- Mariann Simms
- Along with my daily duties as founder and head writer of HumorMeOnline.com, in 2003, I took the Grand Prize in the Bulwer-Lytton Fiction Contest (also known as the "It Was a Dark and Stormy Night" competition). I've also been a contributor to "The Late Late Show with Craig Ferguson" and the web's "The Late Show with David Letterman". I also occupy my time writing three blogs, "Blogged Down at the Moment", "Brit Word of the Day" and "Production Numbers"...and my off-time is spent contemplating in an "on again/off again" fashion...my feable attempts at writing any one of a dozen books. I would love to write professionally one day...and by that I mean "actually get a paycheck".
Saturday, May 21, 2011
Faff (Heard on "Top Gear")
I took a break from my usual BBC show watching and decided I would tune in to "Top Gear" again. I had seen it years ago when Roger Daltrey was a guest on it...and watched it on and off ever since.
The show, if you've never seen it...isn't what you'd expect. It's not all just "Consumer Reports: Car Reviews" only geared for people with lots and lots of money.
Granted, they do get to drive around in some cars which most viewers could only dream about and salivate over, as if they were some "Page Three Girl". But, that's pretty much where the similarity ends.
I don't know exactly how to explain it, as they have done countless silly things in their day. For example, they all (all three of them...not an allusion to the "Page Three Girls" from above) got into their each junky-ish car and trekked across the Southern states in order to resell them again in Louisiana. Naturally, as luck would have it, they had to traverse Alabama. I live in Alabama...and sorry, Alabama, you are...well, Alabama.
Then to make the drive even more exciting and unknowingly death-defying, they each got to paint words on each others' cars...to elicit a rise out of the fine upstanding denizens of Alabama...or sadly, in this case, the dregs of Alabama. Apparently the silly Brit guys got more than they bargained for...and were run out of town...or in this case, the state...on a rail (complete with shotguns and pick-ups).
A recent-ish episode I saw had them all given X amount of cash and pretend to be dim-witted 17-year-old testosterone-driven males again...and with it, all the trappings that come from post-pubescent adolescence. Think of it as Monty Python's "Twit Contest" meets...three random guys who have a car show in Britain.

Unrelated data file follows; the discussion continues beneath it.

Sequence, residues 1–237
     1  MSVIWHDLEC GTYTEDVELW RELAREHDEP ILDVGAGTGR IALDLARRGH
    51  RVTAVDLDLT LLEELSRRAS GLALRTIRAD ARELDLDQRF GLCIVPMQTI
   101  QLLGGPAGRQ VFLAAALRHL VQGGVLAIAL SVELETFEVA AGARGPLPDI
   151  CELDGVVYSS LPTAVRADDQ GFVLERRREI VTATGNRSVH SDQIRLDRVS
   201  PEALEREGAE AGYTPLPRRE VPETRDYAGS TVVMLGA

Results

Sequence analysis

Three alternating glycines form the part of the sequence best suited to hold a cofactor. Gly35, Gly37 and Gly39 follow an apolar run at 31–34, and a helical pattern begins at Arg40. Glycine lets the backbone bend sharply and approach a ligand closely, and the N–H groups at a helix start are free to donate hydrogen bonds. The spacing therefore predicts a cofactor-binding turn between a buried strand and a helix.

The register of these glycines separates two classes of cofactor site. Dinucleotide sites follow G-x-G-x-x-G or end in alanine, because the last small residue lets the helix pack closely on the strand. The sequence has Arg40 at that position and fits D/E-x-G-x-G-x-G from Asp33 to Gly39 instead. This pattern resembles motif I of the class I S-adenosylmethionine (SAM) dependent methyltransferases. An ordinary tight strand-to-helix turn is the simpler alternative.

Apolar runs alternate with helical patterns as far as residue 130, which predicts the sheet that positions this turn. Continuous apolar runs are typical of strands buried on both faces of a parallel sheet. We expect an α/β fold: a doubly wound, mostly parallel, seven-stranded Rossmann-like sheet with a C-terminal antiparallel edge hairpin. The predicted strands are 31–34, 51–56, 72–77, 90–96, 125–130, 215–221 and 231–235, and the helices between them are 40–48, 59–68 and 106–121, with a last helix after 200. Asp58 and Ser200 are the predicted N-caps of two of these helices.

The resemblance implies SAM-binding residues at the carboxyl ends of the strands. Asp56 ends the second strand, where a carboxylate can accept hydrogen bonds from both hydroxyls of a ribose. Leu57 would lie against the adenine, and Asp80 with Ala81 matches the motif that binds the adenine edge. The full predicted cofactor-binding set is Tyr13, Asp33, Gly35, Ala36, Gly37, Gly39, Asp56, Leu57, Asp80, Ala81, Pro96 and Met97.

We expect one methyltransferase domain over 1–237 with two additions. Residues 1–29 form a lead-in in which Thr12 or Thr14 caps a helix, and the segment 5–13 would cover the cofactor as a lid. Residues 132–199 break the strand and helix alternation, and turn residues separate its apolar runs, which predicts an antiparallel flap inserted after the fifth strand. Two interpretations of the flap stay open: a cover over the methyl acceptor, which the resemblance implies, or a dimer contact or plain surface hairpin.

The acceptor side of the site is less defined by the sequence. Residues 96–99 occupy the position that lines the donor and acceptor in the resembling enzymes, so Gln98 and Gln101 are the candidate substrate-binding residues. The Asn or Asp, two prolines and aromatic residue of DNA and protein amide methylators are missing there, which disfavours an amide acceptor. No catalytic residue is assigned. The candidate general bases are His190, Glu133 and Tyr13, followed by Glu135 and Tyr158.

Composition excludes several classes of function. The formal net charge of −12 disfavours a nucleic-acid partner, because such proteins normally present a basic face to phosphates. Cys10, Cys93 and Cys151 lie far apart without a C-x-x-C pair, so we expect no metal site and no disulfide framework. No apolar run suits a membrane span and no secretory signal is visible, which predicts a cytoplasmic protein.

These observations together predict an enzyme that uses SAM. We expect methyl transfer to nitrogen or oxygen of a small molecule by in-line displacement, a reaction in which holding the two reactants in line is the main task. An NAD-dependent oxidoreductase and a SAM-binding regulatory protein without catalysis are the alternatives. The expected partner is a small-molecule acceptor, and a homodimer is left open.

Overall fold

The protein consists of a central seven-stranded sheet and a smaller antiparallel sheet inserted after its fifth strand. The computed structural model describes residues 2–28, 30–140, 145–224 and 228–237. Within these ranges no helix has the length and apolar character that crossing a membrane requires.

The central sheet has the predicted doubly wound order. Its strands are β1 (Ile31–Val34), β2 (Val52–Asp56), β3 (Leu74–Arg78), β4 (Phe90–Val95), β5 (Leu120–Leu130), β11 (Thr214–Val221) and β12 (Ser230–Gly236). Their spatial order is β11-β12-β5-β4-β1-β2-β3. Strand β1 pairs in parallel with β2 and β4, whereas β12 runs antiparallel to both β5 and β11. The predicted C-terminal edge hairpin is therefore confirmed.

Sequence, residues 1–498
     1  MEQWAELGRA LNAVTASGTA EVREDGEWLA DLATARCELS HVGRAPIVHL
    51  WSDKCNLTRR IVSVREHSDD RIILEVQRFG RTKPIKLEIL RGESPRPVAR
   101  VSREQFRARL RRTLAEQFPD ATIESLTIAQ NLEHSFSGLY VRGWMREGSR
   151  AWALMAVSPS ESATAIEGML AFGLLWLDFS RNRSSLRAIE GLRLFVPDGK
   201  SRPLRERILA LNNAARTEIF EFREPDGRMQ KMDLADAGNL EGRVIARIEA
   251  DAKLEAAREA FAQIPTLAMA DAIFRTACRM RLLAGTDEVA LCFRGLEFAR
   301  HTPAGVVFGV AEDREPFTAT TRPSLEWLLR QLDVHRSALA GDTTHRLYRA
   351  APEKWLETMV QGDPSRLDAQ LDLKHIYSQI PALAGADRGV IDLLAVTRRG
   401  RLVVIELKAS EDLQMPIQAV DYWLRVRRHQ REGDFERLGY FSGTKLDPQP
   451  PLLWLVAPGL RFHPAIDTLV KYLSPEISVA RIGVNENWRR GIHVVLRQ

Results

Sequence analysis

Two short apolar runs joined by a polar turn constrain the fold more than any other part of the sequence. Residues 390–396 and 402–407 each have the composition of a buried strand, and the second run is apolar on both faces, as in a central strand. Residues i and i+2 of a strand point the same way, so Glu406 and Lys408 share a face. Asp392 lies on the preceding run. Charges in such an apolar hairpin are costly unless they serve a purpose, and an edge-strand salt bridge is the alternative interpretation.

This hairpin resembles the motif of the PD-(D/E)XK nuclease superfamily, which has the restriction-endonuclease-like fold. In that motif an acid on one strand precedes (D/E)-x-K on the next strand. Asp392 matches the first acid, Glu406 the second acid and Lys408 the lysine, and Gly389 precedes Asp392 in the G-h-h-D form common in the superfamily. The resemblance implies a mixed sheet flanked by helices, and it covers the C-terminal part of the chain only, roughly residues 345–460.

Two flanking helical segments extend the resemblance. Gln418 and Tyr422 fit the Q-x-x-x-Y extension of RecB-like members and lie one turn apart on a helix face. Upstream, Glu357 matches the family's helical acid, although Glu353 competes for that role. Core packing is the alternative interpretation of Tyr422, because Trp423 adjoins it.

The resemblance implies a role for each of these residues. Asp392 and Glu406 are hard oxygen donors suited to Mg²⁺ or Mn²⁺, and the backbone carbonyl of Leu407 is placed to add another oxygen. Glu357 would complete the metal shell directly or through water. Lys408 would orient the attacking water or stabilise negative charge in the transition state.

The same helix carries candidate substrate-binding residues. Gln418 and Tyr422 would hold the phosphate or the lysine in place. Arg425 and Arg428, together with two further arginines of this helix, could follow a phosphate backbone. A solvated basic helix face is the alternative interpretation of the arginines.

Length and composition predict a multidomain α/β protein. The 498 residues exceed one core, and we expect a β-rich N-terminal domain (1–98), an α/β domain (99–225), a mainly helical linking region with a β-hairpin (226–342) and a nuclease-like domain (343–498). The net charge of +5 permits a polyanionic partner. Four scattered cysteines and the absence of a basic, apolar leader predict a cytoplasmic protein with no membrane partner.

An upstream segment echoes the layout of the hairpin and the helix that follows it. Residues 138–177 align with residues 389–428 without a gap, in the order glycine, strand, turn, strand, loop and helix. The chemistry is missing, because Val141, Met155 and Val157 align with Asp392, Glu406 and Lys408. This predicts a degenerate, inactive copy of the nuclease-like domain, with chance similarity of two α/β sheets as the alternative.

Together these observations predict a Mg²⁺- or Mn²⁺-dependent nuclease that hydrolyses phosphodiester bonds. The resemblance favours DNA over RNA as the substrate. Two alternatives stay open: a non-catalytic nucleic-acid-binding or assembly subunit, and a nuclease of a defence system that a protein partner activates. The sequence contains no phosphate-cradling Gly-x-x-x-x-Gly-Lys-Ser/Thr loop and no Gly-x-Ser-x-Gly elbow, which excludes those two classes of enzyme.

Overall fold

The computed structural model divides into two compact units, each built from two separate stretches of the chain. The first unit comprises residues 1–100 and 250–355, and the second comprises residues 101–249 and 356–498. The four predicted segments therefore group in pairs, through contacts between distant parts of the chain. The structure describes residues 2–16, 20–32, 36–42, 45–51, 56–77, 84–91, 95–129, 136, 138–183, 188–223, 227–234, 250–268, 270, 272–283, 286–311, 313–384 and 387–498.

Then they typically have a celebrity on...and hand the keys to a car over to him and they, in turn, get to pretend they are Mario Andretti or (for you Alabama readers...Dale Earnhardt) for a bit...only miked during and made fun of after the timed-lap round.
Anyway, the show is quite "brill" in its on right...and it's worth a look if you never have.
The guys behind the wheel, so to speak, in this show are Jeremy Clarkson, James May (who bears, at least to me, an uncanny remote resemblance to Stephen Fry), and the adorable Richard Hammond (whom I would seriously consider having sex with if 1) he was desperate enough; and 2) if I ever wanted to have sex again)...but I'm getting off track here and that's never something you want to do on a "car/racing-based" show.
The word I'm doing up today is "faff". Now, I have to be absolutely honest and admit I have never heard the word "faff" before. I queried a few American friends, and they, too, were "faff-virgins".
I've done a bit of research and many times it is used as "faff about" which, to most people would conjure up another four-letter "F" word...but according to World Wide Words, it doesn't stem from that.
It has, however, been around in its present usage since the late 1800s...and has come to mean "wasting your time doing unnecessary things". In this specific case, popping the roof on a Porsche Boxster Spyder (see timestamp 2:50 onward) to thwart off the mechanical rain...which, when that task was finally completed, "coincidentally" ended. A bit of poetic license perhaps...but the point was clearly made.
And speaking of "poetic license", I'd still bet my bottom dollar this word routinely gets used as a synonym for "mucking about"...which, sounds very similar to a word which Doctor Seuss was probably oft-times tempted to use when he was at the end of his "can not cope" rope. So, next time here on "Brit Word of the Day", we'll introduce "rhyming slang" aka "How the bloody hell did this boffo pseudo-language ever catch on"??
Until then...I'll be swilling Effen vodka and faffing about. ;)